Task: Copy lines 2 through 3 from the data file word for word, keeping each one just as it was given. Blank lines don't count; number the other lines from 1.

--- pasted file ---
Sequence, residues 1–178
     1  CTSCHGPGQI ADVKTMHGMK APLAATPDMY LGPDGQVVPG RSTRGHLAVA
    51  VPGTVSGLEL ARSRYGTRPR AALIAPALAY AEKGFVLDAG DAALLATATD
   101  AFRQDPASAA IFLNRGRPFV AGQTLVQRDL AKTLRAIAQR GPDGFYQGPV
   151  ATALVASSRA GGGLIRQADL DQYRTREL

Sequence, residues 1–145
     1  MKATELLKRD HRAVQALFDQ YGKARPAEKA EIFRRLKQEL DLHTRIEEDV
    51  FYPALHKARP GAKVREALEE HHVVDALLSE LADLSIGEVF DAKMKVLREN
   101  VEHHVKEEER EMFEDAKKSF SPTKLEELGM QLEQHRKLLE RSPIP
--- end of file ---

     1  CTSCHGPGQI ADVKTMHGMK APLAATPDMY LGPDGQVVPG RSTRGHLAVA
    51  VPGTVSGLEL ARSRYGTRPR AALIAPALAY AEKGFVLDAG DAALLATATD